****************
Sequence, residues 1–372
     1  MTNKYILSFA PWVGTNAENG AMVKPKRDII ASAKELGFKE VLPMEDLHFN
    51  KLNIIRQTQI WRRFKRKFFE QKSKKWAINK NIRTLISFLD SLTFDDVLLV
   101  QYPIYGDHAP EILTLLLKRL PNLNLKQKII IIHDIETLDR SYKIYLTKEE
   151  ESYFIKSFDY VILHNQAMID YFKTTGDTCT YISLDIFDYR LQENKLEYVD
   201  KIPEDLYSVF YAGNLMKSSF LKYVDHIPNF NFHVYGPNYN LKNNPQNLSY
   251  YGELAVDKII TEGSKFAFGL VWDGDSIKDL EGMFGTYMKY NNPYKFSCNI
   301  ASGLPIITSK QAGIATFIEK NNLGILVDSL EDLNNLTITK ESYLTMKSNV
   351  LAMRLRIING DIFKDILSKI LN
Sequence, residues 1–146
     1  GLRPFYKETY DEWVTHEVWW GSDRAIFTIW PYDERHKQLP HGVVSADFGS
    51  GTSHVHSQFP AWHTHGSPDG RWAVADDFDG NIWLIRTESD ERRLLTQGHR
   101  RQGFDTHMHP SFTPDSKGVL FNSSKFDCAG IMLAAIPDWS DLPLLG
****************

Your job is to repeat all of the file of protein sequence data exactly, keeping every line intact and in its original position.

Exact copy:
Sequence, residues 1–372
     1  MTNKYILSFA PWVGTNAENG AMVKPKRDII ASAKELGFKE VLPMEDLHFN
    51  KLNIIRQTQI WRRFKRKFFE QKSKKWAINK NIRTLISFLD SLTFDDVLLV
   101  QYPIYGDHAP EILTLLLKRL PNLNLKQKII IIHDIETLDR SYKIYLTKEE
   151  ESYFIKSFDY VILHNQAMID YFKTTGDTCT YISLDIFDYR LQENKLEYVD
   201  KIPEDLYSVF YAGNLMKSSF LKYVDHIPNF NFHVYGPNYN LKNNPQNLSY
   251  YGELAVDKII TEGSKFAFGL VWDGDSIKDL EGMFGTYMKY NNPYKFSCNI
   301  ASGLPIITSK QAGIATFIEK NNLGILVDSL EDLNNLTITK ESYLTMKSNV
   351  LAMRLRIING DIFKDILSKI LN
Sequence, residues 1–146
     1  GLRPFYKETY DEWVTHEVWW GSDRAIFTIW PYDERHKQLP HGVVSADFGS
    51  GTSHVHSQFP AWHTHGSPDG RWAVADDFDG NIWLIRTESD ERRLLTQGHR
   101  RQGFDTHMHP SFTPDSKGVL FNSSKFDCAG IMLAAIPDWS DLPLLG